Congratulations to AIP Fellows Ian Allison, Ben Eggleton and Susan Scott, and AIP Executive member Halina Rubinsztein-Dunlop, who have been elected new Fellows of the Australian Academy of Science – announced this morning.
This Bulletin is being distributed at an eventful time. Firstly, it was very pleasing to hear last week that CSIRO will establish a newClimate Science Centre in Hobart, which will focus on climate modelling and projections for Australia, exploiting both national and international research expertise. This is in response to the rather negative feedback CSIRO received from its stakeholders and staff on the job cuts it proposed to make in the climate change area – announced in February.
Coupled with this good news is the establishment of a scientific committee to advise Government on the future direction of Australia’s climate science capability and research priorities.
And then we look forward with anticipation to this week’s Federal Budget and what initiatives it will contain for science and research, followed by the policy announcements in this area by all the major political parties in the run up to what is almost certain to be a general election in early July.
I am delighted to be able to announce the winner of this year’s AIP Bragg Gold Medal for thebest PhD thesis in Physics in Australia. It is Dr Phiala Shanahan for her thesis entitled “Strangeness and Charge Symmetry Violation in Nucleon Structure”, completed at the University of Adelaide.
The AIP places great importance on recognising excellence and outstanding contributions in physics, and promoting the important roles played by women in physics. One of the tangible ways it does this is via its awards, and I am delighted to be able to announce the recipients of two of its most prestigious such honours:
Cathy Foley has been awarded the Outstanding Service to Physics Award for 2015 in recognition of her leadership and many outstanding contributions to physics and the physics community. And Catalina Curceanu will be this year’s AIP Women in Physics Lecturer. Stay tuned for further information on these two awards in both this Bulletin and in our Australian Physics magazine.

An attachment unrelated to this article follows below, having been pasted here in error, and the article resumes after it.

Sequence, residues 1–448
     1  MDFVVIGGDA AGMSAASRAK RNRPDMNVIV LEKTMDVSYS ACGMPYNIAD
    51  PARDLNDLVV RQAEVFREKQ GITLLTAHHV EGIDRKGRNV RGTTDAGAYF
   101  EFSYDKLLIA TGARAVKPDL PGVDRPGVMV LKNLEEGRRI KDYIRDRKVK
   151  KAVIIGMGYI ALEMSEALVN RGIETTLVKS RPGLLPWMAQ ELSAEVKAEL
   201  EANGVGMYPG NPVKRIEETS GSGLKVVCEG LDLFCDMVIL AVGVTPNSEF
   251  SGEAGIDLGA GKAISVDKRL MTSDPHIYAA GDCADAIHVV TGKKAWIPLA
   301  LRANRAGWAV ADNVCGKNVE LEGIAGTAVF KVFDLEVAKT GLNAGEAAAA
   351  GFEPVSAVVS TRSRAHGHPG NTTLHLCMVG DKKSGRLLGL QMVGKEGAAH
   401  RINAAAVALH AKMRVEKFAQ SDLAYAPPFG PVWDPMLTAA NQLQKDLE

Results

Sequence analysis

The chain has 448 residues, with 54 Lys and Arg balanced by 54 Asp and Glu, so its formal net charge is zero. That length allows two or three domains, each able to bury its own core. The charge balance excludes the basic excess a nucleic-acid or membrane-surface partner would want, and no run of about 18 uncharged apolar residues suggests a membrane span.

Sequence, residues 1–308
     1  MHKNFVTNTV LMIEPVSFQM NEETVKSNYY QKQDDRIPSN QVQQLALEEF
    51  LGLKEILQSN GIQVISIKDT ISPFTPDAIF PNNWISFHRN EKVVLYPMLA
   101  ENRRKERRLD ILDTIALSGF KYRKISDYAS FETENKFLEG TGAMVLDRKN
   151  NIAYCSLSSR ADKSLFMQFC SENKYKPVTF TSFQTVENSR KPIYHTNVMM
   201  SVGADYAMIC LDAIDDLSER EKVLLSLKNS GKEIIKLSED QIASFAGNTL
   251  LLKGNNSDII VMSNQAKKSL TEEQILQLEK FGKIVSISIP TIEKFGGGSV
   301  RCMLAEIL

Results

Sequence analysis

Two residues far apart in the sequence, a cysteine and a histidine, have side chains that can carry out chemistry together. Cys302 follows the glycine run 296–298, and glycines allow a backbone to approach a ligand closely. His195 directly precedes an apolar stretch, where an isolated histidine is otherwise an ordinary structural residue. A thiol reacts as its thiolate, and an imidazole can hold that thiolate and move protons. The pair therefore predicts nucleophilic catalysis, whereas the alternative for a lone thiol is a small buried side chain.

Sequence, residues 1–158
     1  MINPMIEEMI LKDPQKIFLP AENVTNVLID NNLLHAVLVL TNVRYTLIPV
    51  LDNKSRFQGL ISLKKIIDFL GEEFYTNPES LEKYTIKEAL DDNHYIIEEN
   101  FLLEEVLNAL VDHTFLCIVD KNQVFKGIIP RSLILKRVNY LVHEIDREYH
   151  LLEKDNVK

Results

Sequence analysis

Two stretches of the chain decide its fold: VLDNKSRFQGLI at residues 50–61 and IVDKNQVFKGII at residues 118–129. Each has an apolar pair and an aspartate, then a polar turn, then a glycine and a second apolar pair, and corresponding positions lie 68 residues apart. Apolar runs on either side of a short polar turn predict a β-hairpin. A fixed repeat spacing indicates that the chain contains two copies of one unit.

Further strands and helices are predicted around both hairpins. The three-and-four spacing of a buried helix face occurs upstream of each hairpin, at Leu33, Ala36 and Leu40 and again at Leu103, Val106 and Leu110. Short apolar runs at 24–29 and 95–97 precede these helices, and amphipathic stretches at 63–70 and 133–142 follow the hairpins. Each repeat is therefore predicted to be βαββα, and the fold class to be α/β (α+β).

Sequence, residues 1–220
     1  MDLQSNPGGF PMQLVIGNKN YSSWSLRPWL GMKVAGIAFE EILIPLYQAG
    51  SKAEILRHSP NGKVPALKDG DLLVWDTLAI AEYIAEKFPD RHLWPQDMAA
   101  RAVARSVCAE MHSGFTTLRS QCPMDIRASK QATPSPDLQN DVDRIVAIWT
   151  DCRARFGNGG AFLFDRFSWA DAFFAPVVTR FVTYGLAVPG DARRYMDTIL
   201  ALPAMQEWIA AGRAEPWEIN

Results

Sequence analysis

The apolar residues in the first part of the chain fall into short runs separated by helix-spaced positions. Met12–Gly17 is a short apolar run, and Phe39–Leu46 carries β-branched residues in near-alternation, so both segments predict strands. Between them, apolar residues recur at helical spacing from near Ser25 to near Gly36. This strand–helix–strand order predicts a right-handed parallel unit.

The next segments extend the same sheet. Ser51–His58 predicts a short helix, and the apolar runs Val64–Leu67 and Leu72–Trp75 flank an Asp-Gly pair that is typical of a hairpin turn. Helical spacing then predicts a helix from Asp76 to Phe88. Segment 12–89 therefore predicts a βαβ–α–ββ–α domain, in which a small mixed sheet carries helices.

Last month I had the pleasure of attending the launch of the new “Capturing the Cosmos” movie created by staff at Melbourne’s Scienceworks and scientists from the Centre for All-Sky Astrophysics (CAASTRO). See it if you can—more on the science behind the show is below.
In this bulletin we profile another one of the distinguished international scientists who will be a plenary speaker at the Joint 16th Asia-Pacific Physics Conference/22nd AIP Congress to be held in Brisbane in early December: Korean physicist and science policy adviser Youngah Park. Note also that abstracts are now being accepted for this joint meeting.
Last month we announced the new free AIP membership category that has been introduced for undergraduate students. I am delighted to say that we have already recruited over 650 new student members. This will be their first bulletin from the AIP, and we hope to see an influx of young physicists coming along to our state branch events.
What a fantastically exciting month it has been with the announcement of the first transient gravitational wave event due to a binary black hole merger. This will surely go down as one of the most significant discoveries in physics over the last century.
Some of the Australian researchers involved in the discovery are acknowledged in an article in this bulletin. It was also great to see how many took the opportunity in the weeks following the announcement to reach out to a curious public.
I'm pleased this month to be able to announce an exciting AIP membership initiative. With a view to refreshing membership, and exposing a new generation of physicists to the work of the AIP, we are introducing a new, free, electronic-only student membership category. We believe this introduction of new blood will help set the AIP up in the strongest possible position in the long term. More later in the bulletin.